Physiological Principles of
FORT COLLINS (Dec. 2, 2008) — Development of technologies to increase reproductive efficiency and improve genetic merit has occurred at a rapid pace to include embryo transfer, ultrasonography, transgenics and cloning. Of all available reproductive technologies, University of Missouri animal scientist Michael Smith ranks estrus synchronization and artificial insemination (AI) among the most powerful and applicable.
Michael Smith of the University of Missouri emphasized the role of follicular waves and various reproductive hormones on estrus synchronization programs.
Successful application, however, depends on the understanding of physiological and hormonal mechanisms controlling the estrous cycle, Smith told attendees of the Robert E. Taylor Memorial Symposium in Fort Collins, Colo.
“While synchronization products and protocols have changed over time, the basic principles explaining why they work have not changed,” Smith said. “Understanding the biology helps us choose the best protocol for heifers or for cows. It can help us determine what went wrong if results are less than expected, and how to correct it.”
Three general approaches to estrus synchronization involve inhibiting ovulation with long-term progestin treatment, induction of corpus luteum regression with prostaglandin (PGF2a) treatment, or a combination of both, Smith said. Most protocols utilized today involve the “combination” approach. And with the ability to induce ovulation and synchronize follicular waves with hormonal (GnRH) injection, a new and important dimension was added by making fixed-time AI a viable option.
Smith cautioned producers to consider certain factors before implementing a synchronization protocol. With heifers, he recommends consideration of the previous heifer pregnancy rate. If that rate ranged from 85% to 90%, the operation is likely a good candidate for implementation of synchronized AI.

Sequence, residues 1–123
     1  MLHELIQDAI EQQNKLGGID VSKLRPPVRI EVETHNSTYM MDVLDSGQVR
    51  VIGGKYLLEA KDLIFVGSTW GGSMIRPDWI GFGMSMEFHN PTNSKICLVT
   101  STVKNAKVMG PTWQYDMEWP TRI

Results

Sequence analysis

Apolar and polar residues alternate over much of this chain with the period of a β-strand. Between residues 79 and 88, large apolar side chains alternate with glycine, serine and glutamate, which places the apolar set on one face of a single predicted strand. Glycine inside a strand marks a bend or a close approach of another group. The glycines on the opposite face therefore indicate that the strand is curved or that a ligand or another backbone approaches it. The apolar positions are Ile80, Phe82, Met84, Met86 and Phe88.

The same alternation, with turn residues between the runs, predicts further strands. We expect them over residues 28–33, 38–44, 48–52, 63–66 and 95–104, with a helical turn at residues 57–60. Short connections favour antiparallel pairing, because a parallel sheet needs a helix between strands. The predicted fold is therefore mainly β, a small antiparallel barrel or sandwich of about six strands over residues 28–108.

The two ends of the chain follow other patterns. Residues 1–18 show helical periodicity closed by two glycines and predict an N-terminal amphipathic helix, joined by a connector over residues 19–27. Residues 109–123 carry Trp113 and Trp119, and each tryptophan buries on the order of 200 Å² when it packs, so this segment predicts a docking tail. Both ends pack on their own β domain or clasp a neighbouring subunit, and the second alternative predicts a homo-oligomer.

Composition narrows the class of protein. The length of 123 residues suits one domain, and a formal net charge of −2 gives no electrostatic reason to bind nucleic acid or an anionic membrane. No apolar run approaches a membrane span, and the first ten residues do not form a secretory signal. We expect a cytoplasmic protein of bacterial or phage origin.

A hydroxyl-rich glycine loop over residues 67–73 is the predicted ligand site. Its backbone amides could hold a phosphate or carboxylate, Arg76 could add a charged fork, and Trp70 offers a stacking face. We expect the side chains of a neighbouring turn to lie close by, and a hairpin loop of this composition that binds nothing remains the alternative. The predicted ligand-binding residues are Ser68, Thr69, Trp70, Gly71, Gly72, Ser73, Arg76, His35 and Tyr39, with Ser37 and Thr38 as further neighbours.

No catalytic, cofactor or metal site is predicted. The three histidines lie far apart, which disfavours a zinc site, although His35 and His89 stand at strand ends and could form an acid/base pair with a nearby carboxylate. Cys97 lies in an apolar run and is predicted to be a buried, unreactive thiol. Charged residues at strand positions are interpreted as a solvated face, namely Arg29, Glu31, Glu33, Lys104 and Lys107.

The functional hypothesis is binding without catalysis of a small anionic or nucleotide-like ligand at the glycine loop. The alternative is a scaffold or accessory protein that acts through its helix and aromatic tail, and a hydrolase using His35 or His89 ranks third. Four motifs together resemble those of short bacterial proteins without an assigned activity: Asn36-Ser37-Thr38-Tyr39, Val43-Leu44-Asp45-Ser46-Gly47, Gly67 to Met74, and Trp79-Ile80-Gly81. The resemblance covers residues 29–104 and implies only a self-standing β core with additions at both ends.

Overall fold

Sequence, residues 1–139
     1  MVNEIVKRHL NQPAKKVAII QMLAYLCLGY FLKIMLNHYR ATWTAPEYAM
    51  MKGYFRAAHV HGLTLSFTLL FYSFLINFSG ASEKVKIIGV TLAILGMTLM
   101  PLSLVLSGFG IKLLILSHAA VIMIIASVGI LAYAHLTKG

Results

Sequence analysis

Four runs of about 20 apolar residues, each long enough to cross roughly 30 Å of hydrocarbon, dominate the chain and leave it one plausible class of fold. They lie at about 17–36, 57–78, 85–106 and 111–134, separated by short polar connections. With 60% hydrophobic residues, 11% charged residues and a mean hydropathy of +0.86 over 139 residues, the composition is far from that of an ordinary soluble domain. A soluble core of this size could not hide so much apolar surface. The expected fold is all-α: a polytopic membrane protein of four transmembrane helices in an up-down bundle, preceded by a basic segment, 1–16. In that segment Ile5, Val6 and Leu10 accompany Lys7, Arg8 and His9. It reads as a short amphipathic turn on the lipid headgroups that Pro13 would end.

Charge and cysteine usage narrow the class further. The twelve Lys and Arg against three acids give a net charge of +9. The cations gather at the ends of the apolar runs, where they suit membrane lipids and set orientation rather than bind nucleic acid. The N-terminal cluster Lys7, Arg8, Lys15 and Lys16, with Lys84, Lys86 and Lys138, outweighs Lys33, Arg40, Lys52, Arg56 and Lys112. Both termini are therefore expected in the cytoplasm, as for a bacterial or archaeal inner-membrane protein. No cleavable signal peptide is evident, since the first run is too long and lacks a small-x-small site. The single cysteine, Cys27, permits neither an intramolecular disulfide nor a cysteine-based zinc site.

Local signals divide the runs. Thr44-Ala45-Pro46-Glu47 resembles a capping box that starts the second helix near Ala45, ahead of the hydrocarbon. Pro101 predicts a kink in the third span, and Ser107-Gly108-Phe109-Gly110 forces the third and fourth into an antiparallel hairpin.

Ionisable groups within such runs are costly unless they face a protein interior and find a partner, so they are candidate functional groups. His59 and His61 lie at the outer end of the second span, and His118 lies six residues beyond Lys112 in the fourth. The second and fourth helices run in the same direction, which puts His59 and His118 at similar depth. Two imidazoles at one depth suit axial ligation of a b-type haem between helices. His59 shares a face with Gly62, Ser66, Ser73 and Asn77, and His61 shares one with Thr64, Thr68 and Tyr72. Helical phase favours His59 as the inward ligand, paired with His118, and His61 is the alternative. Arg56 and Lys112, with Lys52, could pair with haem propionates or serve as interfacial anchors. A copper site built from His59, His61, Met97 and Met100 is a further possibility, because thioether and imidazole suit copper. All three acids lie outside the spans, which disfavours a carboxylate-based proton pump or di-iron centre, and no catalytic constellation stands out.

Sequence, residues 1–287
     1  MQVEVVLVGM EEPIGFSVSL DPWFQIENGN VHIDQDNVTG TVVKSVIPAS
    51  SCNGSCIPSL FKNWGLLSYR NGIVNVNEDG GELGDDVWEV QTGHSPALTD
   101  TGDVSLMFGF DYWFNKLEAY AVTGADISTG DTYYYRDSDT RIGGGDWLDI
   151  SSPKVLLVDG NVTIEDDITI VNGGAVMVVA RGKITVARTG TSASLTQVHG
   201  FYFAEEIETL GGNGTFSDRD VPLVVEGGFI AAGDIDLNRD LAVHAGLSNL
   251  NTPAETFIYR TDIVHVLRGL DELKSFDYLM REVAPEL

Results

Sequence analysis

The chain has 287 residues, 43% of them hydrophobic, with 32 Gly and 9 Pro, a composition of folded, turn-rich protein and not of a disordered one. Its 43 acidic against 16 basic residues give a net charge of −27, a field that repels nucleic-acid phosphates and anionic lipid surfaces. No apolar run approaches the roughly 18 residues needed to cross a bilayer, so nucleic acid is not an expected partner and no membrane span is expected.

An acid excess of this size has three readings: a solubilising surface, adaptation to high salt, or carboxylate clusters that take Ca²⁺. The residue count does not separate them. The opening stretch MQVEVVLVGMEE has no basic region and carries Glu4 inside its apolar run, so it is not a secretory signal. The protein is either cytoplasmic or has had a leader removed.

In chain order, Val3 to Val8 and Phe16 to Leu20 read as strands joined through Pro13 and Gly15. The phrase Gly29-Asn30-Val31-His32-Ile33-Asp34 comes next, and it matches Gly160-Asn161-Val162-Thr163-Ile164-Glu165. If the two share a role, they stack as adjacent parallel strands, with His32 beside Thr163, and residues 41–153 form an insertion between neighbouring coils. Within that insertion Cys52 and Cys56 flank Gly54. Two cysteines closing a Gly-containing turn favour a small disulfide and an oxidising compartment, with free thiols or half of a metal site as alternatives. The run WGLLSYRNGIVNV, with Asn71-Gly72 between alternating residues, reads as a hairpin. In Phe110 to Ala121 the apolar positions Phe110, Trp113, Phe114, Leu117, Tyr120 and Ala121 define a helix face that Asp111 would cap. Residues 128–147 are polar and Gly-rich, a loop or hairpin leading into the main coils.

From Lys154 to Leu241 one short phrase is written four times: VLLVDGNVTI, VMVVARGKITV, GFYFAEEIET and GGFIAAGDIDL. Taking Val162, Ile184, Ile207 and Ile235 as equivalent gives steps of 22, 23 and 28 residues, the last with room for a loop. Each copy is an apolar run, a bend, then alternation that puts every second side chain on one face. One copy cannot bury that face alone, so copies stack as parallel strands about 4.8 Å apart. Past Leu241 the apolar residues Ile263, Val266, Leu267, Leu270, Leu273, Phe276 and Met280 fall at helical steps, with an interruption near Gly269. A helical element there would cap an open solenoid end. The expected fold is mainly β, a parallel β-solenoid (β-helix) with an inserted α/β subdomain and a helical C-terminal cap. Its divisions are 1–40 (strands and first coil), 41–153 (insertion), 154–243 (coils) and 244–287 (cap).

Producers should also consider whether heifers received growth-promoting implants. Implants administered at birth, or before 30 days of age, may be detrimental to reproductive development, he said. Producers should also select an appropriate breeding weight target (65% of mature weight) and have heifers in appropriate body condition (preferably body condition score 5) by time of breeding.
When implementing synchronization programs for cows, Smith advised producers to be aware of their previous pregnancy rate, decide on an appropriate breeding season length, and have a good estimate of the percentage of cows already cycling at the start of the season. Again, adequate body condition is a factor. Allow a reasonable length of time postpartum before starting synchronization treatments, with 40 to 45 days being recommended.
Smith also advised producers to consider how much time they can devote to heat detection before choosing a synchronization protocol. If time and labor for heat detection are limited, a protocol for fixed-time AI may be the best choice.
The Robert E. Taylor Memorial Symposium is conducted by Colorado State University every other year to provide current, research-based information for improving profitability in the beef cattle industry. The ARSBC program was developed by the Beef Cattle Reproduction Task Force to improve understanding and application of reproductive technologies, including AI, estrus synchronization and factors affecting male fertility. In 2008, CSU and the Task Force collaborated to provide the Dec. 2-3 symposium in Fort Collins. To listen to Smith’s presentation, view the accompanying PowerPoint or view other presentations from the symposium, visit the newsroom at www.appliedreprostrategies.com.
— by Troy Smith
Editor’s Note: This article is available as a news release to redistribute per an agreement between the symposium hosts and Angus Productions Inc. Click here to submit a request for a high-resolution photo of the speaker. For additional information visit the newsroom of www.appliedreprostrategies.com.